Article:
Beyond the kids’ area is a beautiful indoor-outdoor living space that was added to the house during the renovation. Reminiscent of the extensive patios and terraces that are in widespread use in Durban and Johannesburg (Kim has lived in both of these South African cities as well as in the Cape) but are still relatively new to Cape Town houses, this ‘outdoor room’ can be closed up during more inclement weather or completely opened to the elements during the city’s long, hot summers. With another custom-made terrazzo tiled floor (the tiles, Kim says, are exactly the same as those used at the renowned Oyster Box Hotel in Umhlanga, just outside Durban – she tracked down the original tile press in northern KwaZulu-Natal).

The patio area adjoins the garden and an inviting square swimming pool (as well as a marvellous wooden jungle gym for the kids featuring a slide that runs directly into the pool) and the views here are spectacular. Imagine an uninterrupted vista of the side of Table Mountain above Kirstenbosch National Botanical Garden; it's a typically Bishopscourt view and gives the entire property a real feeling of expansiveness and freedom.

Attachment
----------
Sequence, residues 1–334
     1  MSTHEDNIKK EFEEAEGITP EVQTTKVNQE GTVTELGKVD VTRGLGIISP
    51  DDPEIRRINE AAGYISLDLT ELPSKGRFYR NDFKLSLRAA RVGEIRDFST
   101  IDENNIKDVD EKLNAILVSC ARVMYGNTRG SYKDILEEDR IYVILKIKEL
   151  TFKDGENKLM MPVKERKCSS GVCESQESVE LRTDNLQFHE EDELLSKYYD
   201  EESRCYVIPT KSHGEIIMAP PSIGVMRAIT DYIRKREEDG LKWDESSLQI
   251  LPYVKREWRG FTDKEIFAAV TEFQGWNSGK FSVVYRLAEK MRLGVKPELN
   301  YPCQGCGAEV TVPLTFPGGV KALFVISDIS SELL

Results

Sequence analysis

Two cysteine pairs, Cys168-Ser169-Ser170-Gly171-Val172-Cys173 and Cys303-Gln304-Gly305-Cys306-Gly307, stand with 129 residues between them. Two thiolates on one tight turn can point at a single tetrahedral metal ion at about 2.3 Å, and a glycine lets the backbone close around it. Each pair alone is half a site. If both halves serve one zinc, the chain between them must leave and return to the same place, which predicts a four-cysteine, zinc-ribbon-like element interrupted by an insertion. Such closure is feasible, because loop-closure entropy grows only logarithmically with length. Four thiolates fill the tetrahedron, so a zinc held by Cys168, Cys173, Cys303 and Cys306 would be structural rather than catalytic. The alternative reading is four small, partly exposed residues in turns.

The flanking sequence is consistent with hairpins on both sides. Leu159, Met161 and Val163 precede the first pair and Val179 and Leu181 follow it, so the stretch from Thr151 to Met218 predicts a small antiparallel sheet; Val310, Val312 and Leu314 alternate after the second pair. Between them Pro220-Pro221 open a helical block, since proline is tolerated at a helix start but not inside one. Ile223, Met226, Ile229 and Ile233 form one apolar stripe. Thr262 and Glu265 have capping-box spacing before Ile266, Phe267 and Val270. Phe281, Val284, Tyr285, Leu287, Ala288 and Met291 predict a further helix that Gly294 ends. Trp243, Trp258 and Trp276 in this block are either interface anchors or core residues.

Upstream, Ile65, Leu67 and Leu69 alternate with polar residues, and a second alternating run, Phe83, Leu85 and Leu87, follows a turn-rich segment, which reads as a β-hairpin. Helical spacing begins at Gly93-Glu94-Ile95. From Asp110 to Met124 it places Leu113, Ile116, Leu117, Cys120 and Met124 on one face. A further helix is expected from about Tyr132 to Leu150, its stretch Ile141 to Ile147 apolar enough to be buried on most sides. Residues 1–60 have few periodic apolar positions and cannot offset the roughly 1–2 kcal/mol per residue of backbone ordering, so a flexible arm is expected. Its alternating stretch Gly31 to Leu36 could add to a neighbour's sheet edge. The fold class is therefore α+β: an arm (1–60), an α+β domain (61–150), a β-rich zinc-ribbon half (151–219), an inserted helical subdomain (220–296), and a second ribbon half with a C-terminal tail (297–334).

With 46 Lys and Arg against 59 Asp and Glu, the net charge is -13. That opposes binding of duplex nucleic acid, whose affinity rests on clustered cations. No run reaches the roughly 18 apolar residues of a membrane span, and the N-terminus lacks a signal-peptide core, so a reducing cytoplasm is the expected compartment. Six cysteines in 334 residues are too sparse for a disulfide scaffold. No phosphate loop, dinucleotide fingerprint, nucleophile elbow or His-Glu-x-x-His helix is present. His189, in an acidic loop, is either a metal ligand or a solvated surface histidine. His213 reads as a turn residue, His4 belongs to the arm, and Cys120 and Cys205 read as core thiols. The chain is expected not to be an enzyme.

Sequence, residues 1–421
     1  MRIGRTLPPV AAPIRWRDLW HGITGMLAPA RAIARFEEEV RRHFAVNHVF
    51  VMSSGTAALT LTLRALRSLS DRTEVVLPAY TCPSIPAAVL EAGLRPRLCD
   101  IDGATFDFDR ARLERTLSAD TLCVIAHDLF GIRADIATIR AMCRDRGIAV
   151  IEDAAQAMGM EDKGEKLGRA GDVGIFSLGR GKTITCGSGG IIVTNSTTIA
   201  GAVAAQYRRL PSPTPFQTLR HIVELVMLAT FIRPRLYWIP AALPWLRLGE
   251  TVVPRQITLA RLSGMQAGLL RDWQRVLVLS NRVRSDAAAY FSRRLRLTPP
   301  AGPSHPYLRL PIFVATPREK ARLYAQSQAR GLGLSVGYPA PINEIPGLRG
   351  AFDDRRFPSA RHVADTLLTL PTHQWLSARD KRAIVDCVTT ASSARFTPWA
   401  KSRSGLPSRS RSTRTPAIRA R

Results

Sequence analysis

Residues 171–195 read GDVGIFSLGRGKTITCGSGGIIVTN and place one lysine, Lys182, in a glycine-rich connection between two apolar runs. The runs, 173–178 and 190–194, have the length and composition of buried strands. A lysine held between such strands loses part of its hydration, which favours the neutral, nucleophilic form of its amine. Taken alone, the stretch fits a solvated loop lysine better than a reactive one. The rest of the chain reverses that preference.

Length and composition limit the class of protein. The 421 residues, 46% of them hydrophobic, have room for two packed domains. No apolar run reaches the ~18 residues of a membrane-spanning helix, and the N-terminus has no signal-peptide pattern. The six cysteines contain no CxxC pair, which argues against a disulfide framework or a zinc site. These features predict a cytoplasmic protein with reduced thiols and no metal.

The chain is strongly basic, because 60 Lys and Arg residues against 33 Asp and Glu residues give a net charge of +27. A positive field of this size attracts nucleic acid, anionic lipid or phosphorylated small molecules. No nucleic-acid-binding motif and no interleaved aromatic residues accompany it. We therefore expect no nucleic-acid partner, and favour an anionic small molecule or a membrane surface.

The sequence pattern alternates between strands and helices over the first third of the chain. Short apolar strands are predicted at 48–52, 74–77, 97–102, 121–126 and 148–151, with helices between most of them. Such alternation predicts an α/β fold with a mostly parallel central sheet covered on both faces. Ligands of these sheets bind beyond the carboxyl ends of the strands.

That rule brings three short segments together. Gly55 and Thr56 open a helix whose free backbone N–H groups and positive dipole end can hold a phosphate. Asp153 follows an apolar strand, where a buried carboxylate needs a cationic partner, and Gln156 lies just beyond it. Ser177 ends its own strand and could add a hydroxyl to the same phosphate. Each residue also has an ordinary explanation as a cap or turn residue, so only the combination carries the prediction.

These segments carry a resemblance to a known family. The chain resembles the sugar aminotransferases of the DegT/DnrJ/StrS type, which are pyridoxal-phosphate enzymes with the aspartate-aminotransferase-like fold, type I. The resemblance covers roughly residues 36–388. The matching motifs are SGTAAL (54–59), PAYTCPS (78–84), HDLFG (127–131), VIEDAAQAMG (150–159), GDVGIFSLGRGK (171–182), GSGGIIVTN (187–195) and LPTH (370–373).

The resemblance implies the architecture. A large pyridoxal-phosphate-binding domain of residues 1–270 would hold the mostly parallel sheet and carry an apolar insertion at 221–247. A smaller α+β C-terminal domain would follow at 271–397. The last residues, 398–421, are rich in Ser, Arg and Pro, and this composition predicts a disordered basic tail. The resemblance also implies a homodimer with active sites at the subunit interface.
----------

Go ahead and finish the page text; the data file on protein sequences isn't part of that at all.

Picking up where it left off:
The garden also reflects Kim’s key style as a designer: it again combines classicism with a touch of quirk. She describes the landscaping, both accurately and wittily, as being that of ‘a formal tropical garden’ and explains that it’s inspired in part by the formality of the work of Australian landscaper Paul Bangay, but also by her own childhood, much of which was spent in the tropical climate of Durban. There are exuberant elephant ears contained by a narrow, clipped, formal hedge, and an elegant square of lawn.

Across the front of the dining and living space are French doors that open onto an uncovered, narrow terrace. It was going to have a pergola over it, says Kim, until she substituted that idea for the four huge grey planters, with lime trees in them, which adorn the space. It’s a boldly elegant idea that creates a much more modern feel than a pergola would – and the trees provide a great supply of limes to boot.

The family’s bedrooms (as well as Kim’s petite home office, which features a fresh green ombre wallpaper by Designers Guild) are all upstairs. All these first-floor rooms lead off a hallway that has been furnished as a casual pyjama lounge and features a glorious view across Cape Town towards the distant Durbanville hills.

Anna’s bedroom is gorgeously pretty, with bold horizontal pink stripes on the walls that enlarge and open up the space, while Jamie’s room, by contrast, is bold and graphic: one wall features Cole & Son’s Frontier Tile wallpaper in black and white and another is painted black – as well as a wooden four-poster bed and a large, glass-fronted cabinet that displays his toys and books.